Updated: Feb 14
4K ULTRA HD REVIEW / HDR FRAME SHOTS
Peter O’Toole was nominated for an Academy Award as British officer T.E. Lawrence, who lead an Arab revolt against Turkey during World War I. Sherif Ali (Omar Sharif) tries to convince Lawrence to not attack the retreating Turkish army.
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“LAWRENCE OF ARABIA” 4K Ultra HD, Blu-ray Digital copy; 1962; PG for war violence; streaming via Amazon Video Prime (4K), Apple (4K), FandangoNOW (4K), Google Play, Movies Anywhere (4K), Vudu (4K), YouTube
Best extra: A pop-up picture graphic track, with hundreds of factoids and photographs (Blu-ray version only)
THOSE WHO have never seen David Lean’s dazzling “Lawrence of Arabia” – it won seven Oscars – are in for a great 4K experience. At nearly four hours, it has the best picture (clarity and HDR toning) an Ultra HD format has to offer. Stanley Kubrick’s “2001 A Space Odyssey” is only a distant second.
The story, based on the extraordinary life of T.E. Lawrence, is treasured by moviegoers and filmmakers. The American Society of Cinematographers selected “Lawrence” as the greatest milestone in cinematography for the 20th Century. Ridley Scott’s “Blade Runner” (1982) came in at No. 2, and Francis Ford Coppola’s “Apocalypse Now” (1979) at No. 3.
Steven Spielberg was a bright-eyed 16-year-old when he first saw Peter O’Toole in the role. “I walked out of the theater stunned and speechless,” he recalls in one of nearly a dozen carry over extras found on the enclosed special features Blu-ray. “I didn’t understand the impact until months later,” he says. “It pulverized me.”
(WARNING: Some of the announced extras are missing on the bonus disc and Sony plans to restamp and forward to all purchasers. Right now, you can watch all of the extras on the iTunes version.)
(1) “Lawrence of Arabia” was filmed over two years with a $12 million budget, which received glowing press notices and played for a year in London, Madrid, and throughout the U.S. (2) Lawrence's fatal motorcycle accident. (3) Mr. Dryden (Claude Rains), a French civilian member of the Arab Bureau, selects Lt. Lawrence, to evaluate the Arab revolt against the Turkish military. (4) Lawrence begins his journey with guide Tafas (Zia Mohyeddin) to find the Hashemite Bedouins.
Based on “Seven Pillars of Wisdom,” Lawrence’s autobiographical account of leading an Arab revolt against Turkey during World War I, Lean’s epic inspired a generation of filmmakers to use the camera as a paintbrush. Young Spielberg was so captivated, he bought Maurice Jarre’s Oscar-winning soundtrack and played it over and over. The LP set included production photographs, which gave him a glimpse into Lean’s cinematic magic. Spielberg still considers “Lawrence of Arabia” the one film that’s had the biggest influence on his career.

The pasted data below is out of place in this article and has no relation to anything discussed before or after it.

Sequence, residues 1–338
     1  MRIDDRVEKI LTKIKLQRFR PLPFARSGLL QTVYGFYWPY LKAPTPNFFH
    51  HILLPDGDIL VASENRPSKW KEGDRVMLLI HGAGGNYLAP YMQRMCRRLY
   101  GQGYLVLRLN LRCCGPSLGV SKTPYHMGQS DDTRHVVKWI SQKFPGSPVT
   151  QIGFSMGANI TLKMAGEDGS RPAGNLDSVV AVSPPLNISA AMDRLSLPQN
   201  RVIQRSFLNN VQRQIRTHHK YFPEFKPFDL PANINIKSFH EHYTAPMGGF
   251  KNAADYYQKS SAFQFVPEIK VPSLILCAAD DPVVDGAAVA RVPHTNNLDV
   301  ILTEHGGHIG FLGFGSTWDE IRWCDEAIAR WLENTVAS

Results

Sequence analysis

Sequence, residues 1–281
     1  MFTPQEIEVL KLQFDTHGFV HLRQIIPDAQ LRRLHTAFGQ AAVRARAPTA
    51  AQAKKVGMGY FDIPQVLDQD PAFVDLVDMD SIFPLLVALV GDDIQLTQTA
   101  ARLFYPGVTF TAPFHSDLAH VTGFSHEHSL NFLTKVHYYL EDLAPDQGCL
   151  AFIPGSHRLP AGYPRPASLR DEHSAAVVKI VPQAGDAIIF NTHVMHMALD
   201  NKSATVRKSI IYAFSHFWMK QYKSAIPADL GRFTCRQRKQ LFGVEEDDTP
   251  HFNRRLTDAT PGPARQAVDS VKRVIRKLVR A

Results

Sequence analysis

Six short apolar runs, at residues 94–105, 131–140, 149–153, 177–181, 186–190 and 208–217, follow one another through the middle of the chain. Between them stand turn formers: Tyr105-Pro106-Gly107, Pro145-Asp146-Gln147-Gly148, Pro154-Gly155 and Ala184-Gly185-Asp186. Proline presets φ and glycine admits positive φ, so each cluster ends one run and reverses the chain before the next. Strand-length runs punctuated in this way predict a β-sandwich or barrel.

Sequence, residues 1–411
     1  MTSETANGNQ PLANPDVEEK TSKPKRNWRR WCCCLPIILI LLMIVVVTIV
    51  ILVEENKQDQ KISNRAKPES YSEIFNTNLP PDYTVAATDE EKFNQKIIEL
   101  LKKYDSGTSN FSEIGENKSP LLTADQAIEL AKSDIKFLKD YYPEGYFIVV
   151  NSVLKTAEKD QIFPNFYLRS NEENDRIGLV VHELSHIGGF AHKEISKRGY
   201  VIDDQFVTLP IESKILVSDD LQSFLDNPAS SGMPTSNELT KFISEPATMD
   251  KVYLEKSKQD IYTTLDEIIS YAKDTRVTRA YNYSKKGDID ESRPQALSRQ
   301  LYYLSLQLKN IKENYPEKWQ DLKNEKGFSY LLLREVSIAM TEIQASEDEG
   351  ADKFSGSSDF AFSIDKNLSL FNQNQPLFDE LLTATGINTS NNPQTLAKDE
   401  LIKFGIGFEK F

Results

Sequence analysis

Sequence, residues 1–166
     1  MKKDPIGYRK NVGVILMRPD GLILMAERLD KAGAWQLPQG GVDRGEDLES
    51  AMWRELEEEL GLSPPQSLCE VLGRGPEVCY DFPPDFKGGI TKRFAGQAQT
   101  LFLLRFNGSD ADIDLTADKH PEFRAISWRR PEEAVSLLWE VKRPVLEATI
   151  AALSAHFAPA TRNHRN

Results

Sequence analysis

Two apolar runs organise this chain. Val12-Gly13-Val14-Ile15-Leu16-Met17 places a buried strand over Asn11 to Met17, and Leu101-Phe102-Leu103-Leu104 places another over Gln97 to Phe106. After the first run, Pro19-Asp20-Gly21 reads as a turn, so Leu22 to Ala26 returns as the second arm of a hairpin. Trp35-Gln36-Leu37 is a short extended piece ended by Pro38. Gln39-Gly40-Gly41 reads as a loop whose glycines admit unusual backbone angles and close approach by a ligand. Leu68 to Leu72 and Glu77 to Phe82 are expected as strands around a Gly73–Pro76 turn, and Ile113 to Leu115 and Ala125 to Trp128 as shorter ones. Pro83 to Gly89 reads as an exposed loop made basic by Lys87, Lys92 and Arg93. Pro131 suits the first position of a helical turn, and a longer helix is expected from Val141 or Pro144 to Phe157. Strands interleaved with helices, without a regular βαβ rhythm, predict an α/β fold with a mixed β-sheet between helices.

The meticulous restoration orchestrated by Sony Pictures of “Lawrence of Arabia” makes the new Columbia Classics 4K Ultra HD Collection: Volume One – A MUST BUY.
The box set also includes five more iconic Columbia favorites: Frank Capra’s “Mr. Smith Goes to Washington” (1939), which received 11 Oscar nods; Stanley Kubrick’s dark comedy “Dr. Strangelove or How I Learned to Stop Worrying and Love the Bomb” (1964) nominated for four Oscars; Lord Richard Attenborough’s biopic “Gandhi” (1982), winner for Best Picture, Best Director and Best Actor for Ben Kingsley; Penny Marshall’s sports comedy “A League of Their Own” (1992), the oddball that didn’t receive a single Academy Award nod, but became a crowd darling last year when Sony solicited possible picks for the 4K box set; and Cameron Crowe’s redemptive RomCom “Jerry Maguire” (1996), which received five Oscar nods.
“The real spectacle of the screen is something people aren’t used to – they don’t see it anymore. ‘Lawrence’ has a lot to do with my first thrills in seeing my first silent pictures. It’s all about telling a story in pictures.” — David Lean, Variety Magazine in 1989
(1&2) Lawrence and Tafas stop at a watering well, which leads to the death of the guide by Sherif Ali the owner of the well. (3&4) Lawrence, Sherif Ali, and members of Prince Feisal band of rebels cross the Nefud Desert to make an assault on Aqaba, a Turkish port on the Red Sea.
The original, larger format 65mm negative (2.20:1 aspect ratio) of “Lawrence” from Lean and Oscar-winning cinematographer Freddie Young was scanned at 8K almost a decade ago, then downsized to 4K to process the digital workflow. The negative had plenty of issues; it was plagued with color fading, chemical stains, and normal wear and tear. To handle the enormous project, Sony split the workload between two digital labs – one in India and the other in Burbank, Calif. A year later, “Lawrence” was reassembled and samples were circulated to make sure the restoration looked just right.
The 4K master from 2012 was the basis for creating the new HDR version (HDR10 and Dolby Vision). Because of the added resolution extracted from the HDR toning, Sony was forced to do another round of restoration to fix minor and major flaws as noted in the 12-pages highlighting “Lawrence” within the 80-page coffee table book for the Columbia Classics box set. Contrast levels are unlike any seen before, giving authenticity to all shades of black, brown and everything in-between for the diverse cast including Egyptian Omar Sharif as Sherif Ali, Latino actor Anthony Quinn as Auda Abu Tayi, and Englishman Alec Guinness made up as Prince Faisal. Highlights are just as striking and controlled with intense rays of sunshine and endless sea of sand. The desert scenes were filmed in Jordan for 117 days.
Natural film grain is ever-present, even though it’s sourced from the larger negative. A wide shot photographed from a distant hillside has perfect clarity showing hundreds of bedouins on horse and camel from two united Arab tribes under Lawrence’s heroic leadership, taking Aqaba from the Turkish military.